‘Against all odds’ that Australian winter crop will hit five-year average: Rabobank

The banks predicts dry conditions will lead to a below-average winter crop despite a slight year-on-year raise in area planted.

Rabobank has warned of another lower-than-average winter crop in Australia thanks to ongoing drought conditions and also cautioned that Australian cotton prices are set to dip.

In its Australian 2019 Winter Crop Outlook, Rabobank said a combination of below-average rainfall in the eastern and southern states at the start of the season, record-low soil moisture and an unfavorable outlook for future rainfall mean that it is “against all odds” that Australia will be able to return to its average level of grain and oilseed production in 2019-20.

The report forecast that 18.4 million hectares would be planted with crop this winter – up 1 percent on last year, but still almost 14 percent below the five-year average.

Rabobank predicted that wheat production would be around 18 million tonnes based on the current rainfall outlook, with exports at around 11-12 million tonnes – up on last year but more than 30 percent below the five-year average.

Western Australia has had some rainfall since the report was published last week, fueling hopes the region will be able to produce a crop around average levels. Victoria and parts of southern New South Wales have also had some rain and are hopeful of their best start to the cropping season since 2016-17, Rabobank said.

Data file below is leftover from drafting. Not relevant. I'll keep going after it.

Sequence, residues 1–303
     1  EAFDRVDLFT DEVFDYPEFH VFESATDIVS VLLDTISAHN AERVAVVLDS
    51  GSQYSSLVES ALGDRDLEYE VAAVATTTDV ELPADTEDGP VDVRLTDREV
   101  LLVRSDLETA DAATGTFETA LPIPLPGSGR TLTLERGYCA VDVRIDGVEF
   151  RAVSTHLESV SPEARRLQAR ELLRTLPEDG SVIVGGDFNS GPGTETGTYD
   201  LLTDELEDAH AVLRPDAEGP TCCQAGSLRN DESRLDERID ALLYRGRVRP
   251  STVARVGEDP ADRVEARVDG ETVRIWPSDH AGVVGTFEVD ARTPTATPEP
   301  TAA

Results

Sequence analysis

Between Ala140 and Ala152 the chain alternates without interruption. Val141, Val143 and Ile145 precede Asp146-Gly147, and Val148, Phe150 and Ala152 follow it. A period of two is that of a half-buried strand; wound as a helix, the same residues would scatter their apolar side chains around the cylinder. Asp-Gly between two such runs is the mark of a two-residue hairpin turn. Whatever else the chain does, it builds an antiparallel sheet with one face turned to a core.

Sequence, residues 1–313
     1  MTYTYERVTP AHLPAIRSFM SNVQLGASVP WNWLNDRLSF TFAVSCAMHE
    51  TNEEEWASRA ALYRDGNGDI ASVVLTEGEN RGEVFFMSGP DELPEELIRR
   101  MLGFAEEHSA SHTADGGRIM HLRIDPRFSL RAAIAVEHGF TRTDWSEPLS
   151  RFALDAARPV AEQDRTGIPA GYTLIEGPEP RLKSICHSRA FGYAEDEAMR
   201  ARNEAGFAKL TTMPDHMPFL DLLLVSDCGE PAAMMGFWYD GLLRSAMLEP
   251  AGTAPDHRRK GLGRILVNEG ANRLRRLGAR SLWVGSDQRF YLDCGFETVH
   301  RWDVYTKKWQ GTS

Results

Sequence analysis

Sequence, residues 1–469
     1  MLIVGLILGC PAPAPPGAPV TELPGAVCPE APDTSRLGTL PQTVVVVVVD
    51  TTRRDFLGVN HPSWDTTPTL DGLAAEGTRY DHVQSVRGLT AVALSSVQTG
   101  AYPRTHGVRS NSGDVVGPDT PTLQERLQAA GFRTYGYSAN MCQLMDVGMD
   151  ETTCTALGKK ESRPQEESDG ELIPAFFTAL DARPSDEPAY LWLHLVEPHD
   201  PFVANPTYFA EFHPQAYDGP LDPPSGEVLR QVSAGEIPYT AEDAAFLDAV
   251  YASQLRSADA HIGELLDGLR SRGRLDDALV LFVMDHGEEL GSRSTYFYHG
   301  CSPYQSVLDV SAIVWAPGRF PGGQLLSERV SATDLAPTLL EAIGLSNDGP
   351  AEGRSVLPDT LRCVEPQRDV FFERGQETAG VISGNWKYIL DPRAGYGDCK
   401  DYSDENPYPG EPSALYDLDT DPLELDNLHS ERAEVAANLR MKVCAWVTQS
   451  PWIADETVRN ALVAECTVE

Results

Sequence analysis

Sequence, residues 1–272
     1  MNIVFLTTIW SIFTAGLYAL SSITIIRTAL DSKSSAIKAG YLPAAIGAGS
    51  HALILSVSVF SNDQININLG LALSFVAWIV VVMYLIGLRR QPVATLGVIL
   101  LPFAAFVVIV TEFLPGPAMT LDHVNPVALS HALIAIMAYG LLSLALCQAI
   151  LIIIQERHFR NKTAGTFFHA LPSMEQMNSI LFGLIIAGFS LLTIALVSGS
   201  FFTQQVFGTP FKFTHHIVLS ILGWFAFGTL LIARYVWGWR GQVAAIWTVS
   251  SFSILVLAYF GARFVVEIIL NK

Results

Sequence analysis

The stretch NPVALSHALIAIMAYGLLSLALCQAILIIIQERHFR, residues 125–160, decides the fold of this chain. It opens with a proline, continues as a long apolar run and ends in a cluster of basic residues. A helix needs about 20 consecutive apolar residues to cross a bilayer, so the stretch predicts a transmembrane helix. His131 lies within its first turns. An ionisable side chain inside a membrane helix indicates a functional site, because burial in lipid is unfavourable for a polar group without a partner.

But conditions remain challenging in other areas, with parts of South Australia experiencing their driest start to the cropping season in more than 150 years.

A high rate of dry sowing coupled with opportunistic use of storm rainfall explained the 1 percent year-on-year rise in area planted, the report’s author Cheryl Kalisch Gordon said, senior grains and oilseed analyst at Rabobank.

“Despite this marginal recovery in planted area, currently forecast seasonal conditions support below-average yields for most areas,” she said.

“The hottest summer on record and below-average rainfall – on top of two years of below-average rainfall – mean large areas are experiencing well-below to the lowest-on-record root-zone soil moisture and there has been no widespread autumn break in most areas.”

Meanwhile, the cotton industry is also set to find a tougher market this year, with prices predicted to soften as global pressures begin to be felt in the Australian market.

In its Australian Cotton Price Forecast – The Start of Softer Cotton, Rabobank predicted that a combination of rising global supplies and lower demand will see prices in Australia decline from their highs in mid-May this year.

Prices should remain high enough to provide positive profit margins for domestic growers, the bank said, with demand from China and the weakness of the Australian dollar helping keep prices higher than they otherwise might be.

Rabobank forecast that Australian ex-gin cotton cash prices would sit at just over A$600 ($415; €367) per bale through Q3 2019, falling to A$576 per bale by Q2 2020.